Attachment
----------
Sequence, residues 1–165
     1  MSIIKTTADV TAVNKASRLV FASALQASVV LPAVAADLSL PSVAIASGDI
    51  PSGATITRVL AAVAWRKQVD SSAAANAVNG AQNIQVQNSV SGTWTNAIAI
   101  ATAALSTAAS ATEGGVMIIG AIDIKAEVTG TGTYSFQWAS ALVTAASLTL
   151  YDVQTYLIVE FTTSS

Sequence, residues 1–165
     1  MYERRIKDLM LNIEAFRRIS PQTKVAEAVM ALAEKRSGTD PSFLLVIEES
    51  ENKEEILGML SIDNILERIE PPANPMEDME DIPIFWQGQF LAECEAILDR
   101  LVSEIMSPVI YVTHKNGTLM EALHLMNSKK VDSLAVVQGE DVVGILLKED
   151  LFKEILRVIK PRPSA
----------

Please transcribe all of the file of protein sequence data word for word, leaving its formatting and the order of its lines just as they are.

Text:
Sequence, residues 1–165
     1  MSIIKTTADV TAVNKASRLV FASALQASVV LPAVAADLSL PSVAIASGDI
    51  PSGATITRVL AAVAWRKQVD SSAAANAVNG AQNIQVQNSV SGTWTNAIAI
   101  ATAALSTAAS ATEGGVMIIG AIDIKAEVTG TGTYSFQWAS ALVTAASLTL
   151  YDVQTYLIVE FTTSS

Sequence, residues 1–165
     1  MYERRIKDLM LNIEAFRRIS PQTKVAEAVM ALAEKRSGTD PSFLLVIEES
    51  ENKEEILGML SIDNILERIE PPANPMEDME DIPIFWQGQF LAECEAILDR
   101  LVSEIMSPVI YVTHKNGTLM EALHLMNSKK VDSLAVVQGE DVVGILLKED
   151  LFKEILRVIK PRPSA